Stop the world, I want to get off!

Well, it’s been a week….there’s an old Chinese curse that translates as,  “May you live in interesting times”, and these times sure are interesting. What was that old musical – “Stop the world, I want to get off!”.

You may have noticed that a ‘deal’ was ‘done’ re: the USA and Canada. Donald got his wish that NAFTA was replaced, but what’s in a name? He needed to get this deal inked before the mid-term elections because of all the states that need the Canadian input/throughput and, after his disaster in many of these same states thanks to the farming and related multiplier issues caused by his self-inflicted impasse with China, he had no more time and no more political wiggle-room. So, in his inimitable fashion, he is declaring it a BIG VICTORY, THE HUGEST – but what does it say to anyone when you declare ‘war’ (trade or otherwise) without notice on your friends? And, when the actual win (sic) is so picayune a very distressing message is being sent to everyone else, especially those who aren’t “friendly” in the first place.

This past week Robert Shiller, the Nobel Laureate economist, warned that the Age of Irrational Exuberance is back – without boring you with details, he is essentially stating that, overall, people in general are acting illogically in an economic sense ….. eg: not too long ago, Iran threatened to blockade the Strait of Hormuz. That day, the stock market went up anyway – that’s what he’s talking about, that it doesn’t matter what the news is (or isn’t), people are in an exuberant mood. When the shares of so many companies keep getting bid higher and higher even as these same companies are showing ‘increases’ (sic) in earnings per share only by borrowing money and buying back shares and cancelling them, thus having a smaller pool over which to distribute the earnings (some of which might be called spurious in and of themselves)….. There will always be people who buy houses that they cannot afford but, more to the point, will probably never be able to afford – but, when there is a measurably significant statistical percentage whose sole rationale for the purchase is, “buy it now because it will be more expensive tomorrow”, then that is economically and fiscally irrationally exuberant. The USA, 10 years after the last housing crash, has been exhibiting this in various markets; Canada has it in Vancouver and Toronto; China has it in spades everywhere – how long can it keep on chugging? Once people start seriously asking that question, they will start asking others, and the market will turn, just as signs of it doing so are now evident in Hong Kong and London (although for differing reasons).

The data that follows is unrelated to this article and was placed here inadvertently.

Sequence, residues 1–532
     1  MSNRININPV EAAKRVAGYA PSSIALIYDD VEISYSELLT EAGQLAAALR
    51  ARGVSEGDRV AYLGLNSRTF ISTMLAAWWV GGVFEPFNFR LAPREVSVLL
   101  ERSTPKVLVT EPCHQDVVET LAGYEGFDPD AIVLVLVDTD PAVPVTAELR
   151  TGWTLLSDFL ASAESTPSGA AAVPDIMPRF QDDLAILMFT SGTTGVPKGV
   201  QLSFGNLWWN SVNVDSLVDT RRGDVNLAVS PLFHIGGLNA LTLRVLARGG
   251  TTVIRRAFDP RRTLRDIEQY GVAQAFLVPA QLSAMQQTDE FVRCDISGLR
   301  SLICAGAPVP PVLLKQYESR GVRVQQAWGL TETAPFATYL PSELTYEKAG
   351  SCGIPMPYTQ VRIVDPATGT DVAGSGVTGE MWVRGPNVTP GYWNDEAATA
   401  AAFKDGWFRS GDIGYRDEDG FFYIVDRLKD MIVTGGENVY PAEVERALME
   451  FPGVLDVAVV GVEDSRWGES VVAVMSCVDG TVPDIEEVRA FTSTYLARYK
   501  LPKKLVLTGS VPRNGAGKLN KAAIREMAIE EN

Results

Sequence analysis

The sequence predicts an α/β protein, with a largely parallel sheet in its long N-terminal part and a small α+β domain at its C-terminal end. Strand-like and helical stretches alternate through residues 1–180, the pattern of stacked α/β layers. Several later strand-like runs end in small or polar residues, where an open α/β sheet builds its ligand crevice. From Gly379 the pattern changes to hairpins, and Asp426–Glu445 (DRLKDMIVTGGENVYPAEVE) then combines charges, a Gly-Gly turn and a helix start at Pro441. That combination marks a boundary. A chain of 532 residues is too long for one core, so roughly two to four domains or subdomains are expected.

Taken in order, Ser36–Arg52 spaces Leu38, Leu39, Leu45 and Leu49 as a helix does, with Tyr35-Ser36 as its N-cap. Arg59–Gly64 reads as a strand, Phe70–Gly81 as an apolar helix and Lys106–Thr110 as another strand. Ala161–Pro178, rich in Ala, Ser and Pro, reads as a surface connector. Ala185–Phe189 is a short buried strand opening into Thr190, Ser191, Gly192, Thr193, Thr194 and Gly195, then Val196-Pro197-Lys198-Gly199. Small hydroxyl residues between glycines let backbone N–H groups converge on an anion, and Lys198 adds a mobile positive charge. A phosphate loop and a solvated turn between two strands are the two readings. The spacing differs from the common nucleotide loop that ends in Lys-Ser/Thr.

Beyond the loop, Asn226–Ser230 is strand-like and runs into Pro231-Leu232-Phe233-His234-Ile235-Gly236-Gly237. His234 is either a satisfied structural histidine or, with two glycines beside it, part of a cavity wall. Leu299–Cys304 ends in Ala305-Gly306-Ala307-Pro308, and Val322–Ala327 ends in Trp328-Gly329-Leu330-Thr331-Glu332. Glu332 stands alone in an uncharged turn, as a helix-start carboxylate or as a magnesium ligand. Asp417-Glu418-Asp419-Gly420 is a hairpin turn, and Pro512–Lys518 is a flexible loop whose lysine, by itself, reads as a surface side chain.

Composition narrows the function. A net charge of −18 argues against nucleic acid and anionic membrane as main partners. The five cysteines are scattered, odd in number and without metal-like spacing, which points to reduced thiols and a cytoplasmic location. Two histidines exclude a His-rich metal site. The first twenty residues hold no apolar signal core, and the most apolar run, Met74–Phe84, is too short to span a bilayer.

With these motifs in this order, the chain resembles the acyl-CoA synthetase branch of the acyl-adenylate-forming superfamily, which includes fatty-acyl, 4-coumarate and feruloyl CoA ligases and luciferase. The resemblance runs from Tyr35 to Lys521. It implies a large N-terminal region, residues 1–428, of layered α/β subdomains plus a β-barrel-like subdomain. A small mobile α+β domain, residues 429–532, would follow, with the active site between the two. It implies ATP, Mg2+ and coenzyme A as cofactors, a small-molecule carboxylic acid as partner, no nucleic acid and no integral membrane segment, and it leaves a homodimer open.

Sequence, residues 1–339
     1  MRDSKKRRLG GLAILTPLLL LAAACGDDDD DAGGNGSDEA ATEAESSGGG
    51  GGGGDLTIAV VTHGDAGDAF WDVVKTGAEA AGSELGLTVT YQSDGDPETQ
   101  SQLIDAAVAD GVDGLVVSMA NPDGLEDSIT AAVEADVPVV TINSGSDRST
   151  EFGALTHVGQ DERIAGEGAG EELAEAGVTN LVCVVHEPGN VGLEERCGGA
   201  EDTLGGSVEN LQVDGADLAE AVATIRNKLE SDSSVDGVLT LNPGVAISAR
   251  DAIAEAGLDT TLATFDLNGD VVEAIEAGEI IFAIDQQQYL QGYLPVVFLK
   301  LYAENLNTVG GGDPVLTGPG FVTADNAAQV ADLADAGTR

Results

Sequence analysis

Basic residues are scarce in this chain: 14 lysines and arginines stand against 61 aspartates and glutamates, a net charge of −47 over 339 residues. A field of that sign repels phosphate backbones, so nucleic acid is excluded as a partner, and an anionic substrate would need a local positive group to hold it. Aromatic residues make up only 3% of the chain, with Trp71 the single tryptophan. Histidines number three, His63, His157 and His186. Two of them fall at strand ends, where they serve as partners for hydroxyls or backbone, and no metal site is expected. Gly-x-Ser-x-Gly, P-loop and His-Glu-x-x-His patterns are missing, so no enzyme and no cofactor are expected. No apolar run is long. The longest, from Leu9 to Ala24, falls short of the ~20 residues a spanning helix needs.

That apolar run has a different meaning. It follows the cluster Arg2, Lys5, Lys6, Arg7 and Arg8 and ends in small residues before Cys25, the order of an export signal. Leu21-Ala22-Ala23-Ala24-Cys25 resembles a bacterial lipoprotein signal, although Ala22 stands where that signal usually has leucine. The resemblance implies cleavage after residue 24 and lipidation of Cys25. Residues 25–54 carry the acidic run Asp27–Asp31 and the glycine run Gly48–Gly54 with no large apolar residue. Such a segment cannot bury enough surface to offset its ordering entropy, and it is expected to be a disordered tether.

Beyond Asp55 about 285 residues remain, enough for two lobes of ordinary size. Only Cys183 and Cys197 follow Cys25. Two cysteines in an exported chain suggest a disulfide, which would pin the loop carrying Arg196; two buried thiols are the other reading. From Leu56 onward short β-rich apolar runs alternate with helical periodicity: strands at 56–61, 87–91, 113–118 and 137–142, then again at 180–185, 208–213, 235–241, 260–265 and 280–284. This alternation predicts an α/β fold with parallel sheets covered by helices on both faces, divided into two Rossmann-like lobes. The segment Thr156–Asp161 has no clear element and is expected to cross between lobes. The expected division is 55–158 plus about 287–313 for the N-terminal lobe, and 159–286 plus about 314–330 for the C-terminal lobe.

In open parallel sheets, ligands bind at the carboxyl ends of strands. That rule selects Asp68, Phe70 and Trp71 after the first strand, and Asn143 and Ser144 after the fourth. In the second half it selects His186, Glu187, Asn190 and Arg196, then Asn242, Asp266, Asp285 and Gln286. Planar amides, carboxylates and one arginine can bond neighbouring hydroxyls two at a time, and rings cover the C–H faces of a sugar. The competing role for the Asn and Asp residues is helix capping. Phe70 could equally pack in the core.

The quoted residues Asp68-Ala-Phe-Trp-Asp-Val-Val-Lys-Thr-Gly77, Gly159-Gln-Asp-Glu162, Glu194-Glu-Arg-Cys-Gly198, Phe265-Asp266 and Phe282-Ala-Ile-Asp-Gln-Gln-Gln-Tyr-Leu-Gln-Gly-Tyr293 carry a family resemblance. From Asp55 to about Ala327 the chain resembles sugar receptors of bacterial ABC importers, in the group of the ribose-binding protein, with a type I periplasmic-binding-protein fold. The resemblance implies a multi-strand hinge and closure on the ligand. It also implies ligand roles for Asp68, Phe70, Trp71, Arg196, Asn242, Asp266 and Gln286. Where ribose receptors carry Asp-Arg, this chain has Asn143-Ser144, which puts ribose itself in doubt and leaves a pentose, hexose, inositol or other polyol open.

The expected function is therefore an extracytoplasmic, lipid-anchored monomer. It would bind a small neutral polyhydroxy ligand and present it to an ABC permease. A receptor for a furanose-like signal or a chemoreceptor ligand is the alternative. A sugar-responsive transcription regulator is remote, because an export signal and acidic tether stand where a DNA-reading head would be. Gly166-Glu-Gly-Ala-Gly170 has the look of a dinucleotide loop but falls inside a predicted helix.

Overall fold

The belief that tomorrow will always be better/more expensive than today is just not supported by verifiable real statistics, any more than your winning 3 hands in a row at blackjack is a determination that the outcome of the 4th will be positive as well. Sooner or later, the wheel turns and irrational exuberance develops into irrational despair, where nothing seems like it will ever be good again and where the sun will never shine.

Neither position is true but the markets are more of a forum where perceptions are more important than reality (and it is often hard to determine which is which). Why would a stock go up right after the US presidential election only because its Chinese name sounded similar to that of Donald Trump unless we factor in the element of irrationality?

It was Alan Greenspan in 1996 (yep, 22 years ago) who coined the term, “irrational exuberance” to warn against an overheated stock market that had a shortage of solid fundamentals – the warning didn’t work then and it isn’t working now. A few weeks ago, Nouriel Roubini warned that variables were rapidly moving into place that would predicate a problematic 2020….no one commented; no one even blinked. The attitude seems to be, “Tomorrow will take care of tomorrow”. That’s true – but will tomorrow take care of you?



Bennett Little is one of our experts in the Global From Asia VIP network. Get to know more about him here.

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